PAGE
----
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anonymous
 3 years ago
How does one handle the case of a limit that is in indeterminate form (turns out to be 0/0 when the number is plugged in)?
anonymous
 3 years ago
How does one handle the case of a limit that is in indeterminate form (turns out to be 0/0 when the number is plugged in)?

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anonymous
 3 years ago
Best ResponseYou've already chosen the best response.0The general solution amounts to applying l'Hopital's rule. Are you familiar?

anonymous
 3 years ago
Best ResponseYou've already chosen the best response.0No Im not. Can you show me?

anonymous
 3 years ago
Best ResponseYou've already chosen the best response.0l'Hopital's rule asserts that, for any \(\lim_{x\to a}f(x)=\lim_{x\to a} g(x)=0,\infty\), the equivalence\[\lim_{x\to a}\frac{f(x)}{g(x)}=\lim_{x\to a}\frac{f'(x)}{g'(x)}\]can be established. For instance,\[\lim_{x\to0}\frac{\sin x}{x}=\lim_{x\to0}\frac{\frac{d}{dx}\sin(x)}{\frac{d}{dx}x}=\lim_{x\to0}\frac{\cos x}{1}=1\]

anonymous
 3 years ago
Best ResponseYou've already chosen the best response.0Oh. So essentially you're calculating the derivative of the initial problem and then finding the limit of that?

anonymous
 3 years ago
Best ResponseYou've already chosen the best response.0You're finding the derivative of numerator and denominator (each evaluated separately), applicationwise. The limits should be the same. This only applies when they normally evaluate to the indeterminate forms \(\frac00,\frac\infty\infty\).

anonymous
 3 years ago
Best ResponseYou've already chosen the best response.0So then this is sort of like the quotient rule in the sense that you have to break up the function into two separate problems and then evaluate to get the answer?

anonymous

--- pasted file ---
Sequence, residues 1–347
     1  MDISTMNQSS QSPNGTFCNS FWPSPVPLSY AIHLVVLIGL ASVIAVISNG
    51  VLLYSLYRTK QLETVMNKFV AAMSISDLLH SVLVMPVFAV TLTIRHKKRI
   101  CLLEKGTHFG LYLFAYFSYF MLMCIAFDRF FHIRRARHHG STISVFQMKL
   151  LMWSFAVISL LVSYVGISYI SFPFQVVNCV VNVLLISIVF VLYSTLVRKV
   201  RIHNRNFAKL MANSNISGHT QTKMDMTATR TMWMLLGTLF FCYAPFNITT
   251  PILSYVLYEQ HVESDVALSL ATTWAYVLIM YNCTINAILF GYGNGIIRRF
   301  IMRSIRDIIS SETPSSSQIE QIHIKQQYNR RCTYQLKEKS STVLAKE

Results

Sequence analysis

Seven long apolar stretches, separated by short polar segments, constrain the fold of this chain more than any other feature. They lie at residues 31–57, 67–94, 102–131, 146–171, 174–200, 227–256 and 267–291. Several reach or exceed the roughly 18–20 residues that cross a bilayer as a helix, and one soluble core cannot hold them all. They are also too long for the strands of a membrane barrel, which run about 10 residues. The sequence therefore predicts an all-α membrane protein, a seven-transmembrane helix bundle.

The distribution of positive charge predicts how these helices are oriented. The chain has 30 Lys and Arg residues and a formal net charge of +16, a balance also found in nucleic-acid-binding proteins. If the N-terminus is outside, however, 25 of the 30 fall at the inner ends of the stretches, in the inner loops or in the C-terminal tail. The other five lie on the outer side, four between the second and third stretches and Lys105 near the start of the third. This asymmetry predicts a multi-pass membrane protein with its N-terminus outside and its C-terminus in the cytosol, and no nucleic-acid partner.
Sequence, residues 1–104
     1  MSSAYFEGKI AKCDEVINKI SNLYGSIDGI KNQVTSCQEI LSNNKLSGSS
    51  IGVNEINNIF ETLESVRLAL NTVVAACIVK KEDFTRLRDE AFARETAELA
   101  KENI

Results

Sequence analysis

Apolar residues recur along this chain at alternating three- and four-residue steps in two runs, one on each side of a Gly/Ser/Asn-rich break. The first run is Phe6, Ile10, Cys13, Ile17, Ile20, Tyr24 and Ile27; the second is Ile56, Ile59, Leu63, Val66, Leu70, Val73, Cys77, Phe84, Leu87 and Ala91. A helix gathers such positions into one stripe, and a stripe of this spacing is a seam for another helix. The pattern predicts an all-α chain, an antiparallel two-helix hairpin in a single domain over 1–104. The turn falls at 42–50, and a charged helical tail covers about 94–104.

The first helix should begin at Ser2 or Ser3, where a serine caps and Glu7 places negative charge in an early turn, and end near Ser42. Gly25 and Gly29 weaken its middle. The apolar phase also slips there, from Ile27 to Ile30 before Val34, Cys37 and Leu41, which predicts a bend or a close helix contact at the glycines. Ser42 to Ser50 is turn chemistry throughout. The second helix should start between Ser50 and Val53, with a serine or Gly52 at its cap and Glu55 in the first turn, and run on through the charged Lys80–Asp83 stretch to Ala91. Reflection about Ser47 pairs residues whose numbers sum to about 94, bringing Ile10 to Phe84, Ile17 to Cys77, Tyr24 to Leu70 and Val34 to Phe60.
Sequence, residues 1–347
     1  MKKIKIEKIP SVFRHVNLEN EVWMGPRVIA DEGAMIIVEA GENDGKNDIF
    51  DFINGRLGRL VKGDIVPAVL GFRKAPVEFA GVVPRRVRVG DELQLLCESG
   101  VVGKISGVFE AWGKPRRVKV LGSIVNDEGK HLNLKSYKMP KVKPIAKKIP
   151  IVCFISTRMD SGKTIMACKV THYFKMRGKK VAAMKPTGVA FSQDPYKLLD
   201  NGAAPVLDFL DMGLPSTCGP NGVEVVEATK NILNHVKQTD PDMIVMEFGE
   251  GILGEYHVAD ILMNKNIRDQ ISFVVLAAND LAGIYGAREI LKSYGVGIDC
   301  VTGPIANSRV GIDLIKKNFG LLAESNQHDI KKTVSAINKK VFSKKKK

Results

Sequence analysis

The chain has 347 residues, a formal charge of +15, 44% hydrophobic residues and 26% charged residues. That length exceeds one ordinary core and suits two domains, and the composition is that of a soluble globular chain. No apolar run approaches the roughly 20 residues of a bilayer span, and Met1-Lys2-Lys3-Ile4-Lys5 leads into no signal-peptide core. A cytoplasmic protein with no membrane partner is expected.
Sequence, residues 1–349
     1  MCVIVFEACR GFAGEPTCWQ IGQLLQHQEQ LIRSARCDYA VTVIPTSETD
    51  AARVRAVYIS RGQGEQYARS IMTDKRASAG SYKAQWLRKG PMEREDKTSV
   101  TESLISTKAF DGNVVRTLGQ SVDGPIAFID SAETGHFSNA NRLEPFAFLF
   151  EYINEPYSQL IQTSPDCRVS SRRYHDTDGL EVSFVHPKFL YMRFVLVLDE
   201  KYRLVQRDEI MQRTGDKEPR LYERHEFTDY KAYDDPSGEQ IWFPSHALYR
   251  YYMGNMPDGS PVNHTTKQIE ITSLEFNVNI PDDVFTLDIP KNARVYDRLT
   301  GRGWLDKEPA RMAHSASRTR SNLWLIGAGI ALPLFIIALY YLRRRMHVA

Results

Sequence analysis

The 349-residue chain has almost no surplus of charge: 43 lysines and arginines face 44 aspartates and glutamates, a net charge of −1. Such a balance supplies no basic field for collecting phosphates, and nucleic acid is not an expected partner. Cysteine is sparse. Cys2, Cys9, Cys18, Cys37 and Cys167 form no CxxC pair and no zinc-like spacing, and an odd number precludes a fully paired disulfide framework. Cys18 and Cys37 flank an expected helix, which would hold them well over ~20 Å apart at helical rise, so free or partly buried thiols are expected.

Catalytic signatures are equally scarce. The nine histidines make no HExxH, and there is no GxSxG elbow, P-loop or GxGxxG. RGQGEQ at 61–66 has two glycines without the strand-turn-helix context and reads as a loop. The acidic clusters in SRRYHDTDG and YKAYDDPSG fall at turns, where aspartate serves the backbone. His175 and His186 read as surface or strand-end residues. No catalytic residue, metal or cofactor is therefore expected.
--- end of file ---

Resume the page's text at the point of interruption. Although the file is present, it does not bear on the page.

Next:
3 years ago
Best ResponseYou've already chosen the best response.0Okay, I'll be less technical; sorry, been reading a textbook recently. Here's a practice problem for you.\[\lim_{x\to0}\frac{e^x1}{x}=\,\,?\]

anonymous
 3 years ago
Best ResponseYou've already chosen the best response.0Okay. So. This is going to come out to 0/0 so you have to break it up right? So itll be the limit as it approaches 0 e^x1 as one equation and the limit as it approaches 0 x, as the two problems?

anonymous
 3 years ago
Best ResponseYou've already chosen the best response.0No, I'll break it down for you.\[\lim_{x\to0}\frac{e^x1}{x}\]is our problem. We note that this evaluates to the indeterminate form \(\frac00\) by just plugging in \(0\) for \(x\). So, let's instead apply l'Hopital's rule. First, we need to make sure we meet the prerequisites: that \(\lim_{x\to0}e^x1=\lim_{x\to0}x=0\text{ or }\infty\). Plugging in zero, as we just did, shows that this is the case. So, next step: apply the derivative of top and bottom.

anonymous
 3 years ago
Best ResponseYou've already chosen the best response.0Im sorry D: Im still a bit confused :/

anonymous
 3 years ago
Best ResponseYou've already chosen the best response.0Okay wait let me try continuing on paper. That explanation helped a bit.

anonymous
 3 years ago
Best ResponseYou've already chosen the best response.0\[\lim_{x\to0}\frac{e^x1}{x}\to\lim_{x\to0}\frac{\frac{d}{dx}(e^x1)}{\frac{d}{dx}x}\]

anonymous
 3 years ago
Best ResponseYou've already chosen the best response.0brb quick lunch. @Ishaan94 @eliassaab help here please

anonymous
 3 years ago
Best ResponseYou've already chosen the best response.0Amanderp? Is it still confusing you?

anonymous
 3 years ago
Best ResponseYou've already chosen the best response.0What part is confusing you?

anonymous
 3 years ago
Best ResponseYou've already chosen the best response.0Im not sure. Like I know how to find the limit of something. But my teacher never actually went over this rule. And Im not really understanding it..